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The data is in. Since FY 2014, the number of OSHA whistleblower investigators shrunk by 25% while the number of complaints ballooned by 30%. In FY 2018 alone, 1,137 private statutory retaliation complaints were filed, the majority by railroad workers under the Federal Rail Safety Act, followed by long-haul truckers under the STAA. Of all the cases resolved in 2018, three quarters were dismissed or withdrawn. In 2018, 60 cases opted out of OSHA…
The Administrative Review Board provides further proof of the erroneous use of the phrase “intentional retaliation” in the 8th Circuit’s Kuduk decision. In Riley v. Dakota, Minnesota & Eastern Railroad, the ARB spells out why “intentional retaliation” simply does not apply to the FRSA’s contributing factor standard: Kuduk and its progeny hold that “the contributory factor that an employee must prove is intentional retaliation prompted by the employee engaging in protected activity.” But this…
When a BNSF employee reports an on-the-job injury, the Railroad orders the employee to disclose medical information to a medical case manager. But when an employee reports a non-work related injury, the Railroad leaves them alone. BNSF employee Travis Klinger reported a work injury and was ordered to contact such a medical manager. When he declined to do so, he was suspended for “failure to comply with a direct order.” The Administrative Law Judge reversed…
The Federal Rail Safety Act is a “make whole remedy” statute, and a federal judge has clarified some important points regarding the range of remedies available to railroad employees who report injuries or safety hazards. O’Neal v. Norfolk Southern Railroad Company concerned an employee who fell from a chair because the seat was not properly bolted to the frame. After he reported both the injury and the hazardous safety condition, the Railroad accused him of…
What Is A “Good Faith” Refusal? Under subsection (a)(2) of the Federal Rail Safety Act, it is protected activity for an employee “to refuse to violate or assist in the violation of any Federal law, rule, or regulation relating to railroad safety.” Now comes a Circuit Court decision clarifying what qualifies as “a refusal” to violate a FRA safety regulation. In Rookaird v. BNSF Railway Company, the 9th Circuit Court of Appeals explains…
A $1.15 Million SPA Whistleblower Settlement It took four long years, but a full measure of justice has come to my client Captain John Loftus. John was the Captain of a 850 foot long container ship who took safety seriously. After his employer ignored his internal reports of unsafe conditions, John went outside to the American Bureau of Shipping and Coast Guard, who forced Horizon Lines to correct the conditions. Horizon then found a pretext…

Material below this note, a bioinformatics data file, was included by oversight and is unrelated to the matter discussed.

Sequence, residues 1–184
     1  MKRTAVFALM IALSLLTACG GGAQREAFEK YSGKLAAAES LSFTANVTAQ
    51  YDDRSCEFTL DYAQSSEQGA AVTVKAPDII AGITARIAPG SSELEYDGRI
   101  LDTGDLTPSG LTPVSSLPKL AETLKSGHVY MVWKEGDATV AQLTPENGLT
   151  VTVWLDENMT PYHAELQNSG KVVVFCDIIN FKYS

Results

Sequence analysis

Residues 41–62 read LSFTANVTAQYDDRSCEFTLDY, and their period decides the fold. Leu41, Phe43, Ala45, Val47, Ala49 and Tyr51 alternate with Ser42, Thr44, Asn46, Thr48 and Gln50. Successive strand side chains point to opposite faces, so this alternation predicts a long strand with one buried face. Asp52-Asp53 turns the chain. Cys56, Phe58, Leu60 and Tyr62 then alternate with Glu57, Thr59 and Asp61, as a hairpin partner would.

What is Adverse Action? The question arises, in order to qualify as an “adverse action” under the Federal Rail Safety Act, does a railroad’s investigation into an employee’s actions have to result in actual discipline? What if the charge is eventually dropped? No harm no foul? A recent district court decision clarifies the matter: The Administrative Review Board has repeatedly held that charging an employee with a policy violation, instituting an investigation, or simply…
While railroaders and truckers generate the most cases, seamen and merchant mariners also are protected from retaliation when they blow the whistle on safety issues. The Seaman’s Protection Act prohibits retaliation against any seaman who reports a work related injury or who reports to the U.S. Coast Guard or American Bureau of Shipping “that a violation of a maritime safety law or regulation has occurred.” In 2013 Captain John Loftus brought a landmark SPA case…
Federal Rail Safety Act subsection (c)(1) prohibits railroads from denying, delaying, or interfering with the medical treatment of employees “injured during the course of employment.” In a fact driven decision, the Second Circuit Court of Appeals sidesteps deciding the temporal scope of that protection (just first aid or entire course of treatment?) and its interpretative standard (can a railroad’s denial of a medical claim payment constitute interference?). Instead, the Court merely commented: “We suggest that…
The FRSA is a “make whole remedy” statute, so the question arises: can OSHA force a recalcitrant railroad to train its managers so they comply with the statute going forward? The short answer is: yes, when the facts call for it. The long answer is found in Administrative Law Judge Timothy J. McGrath’s decision in Giuliano v. CSX Transportation, Inc. OSHA found CSX violated JJ Giuliano’s FRSA right to report safety hazards, and in…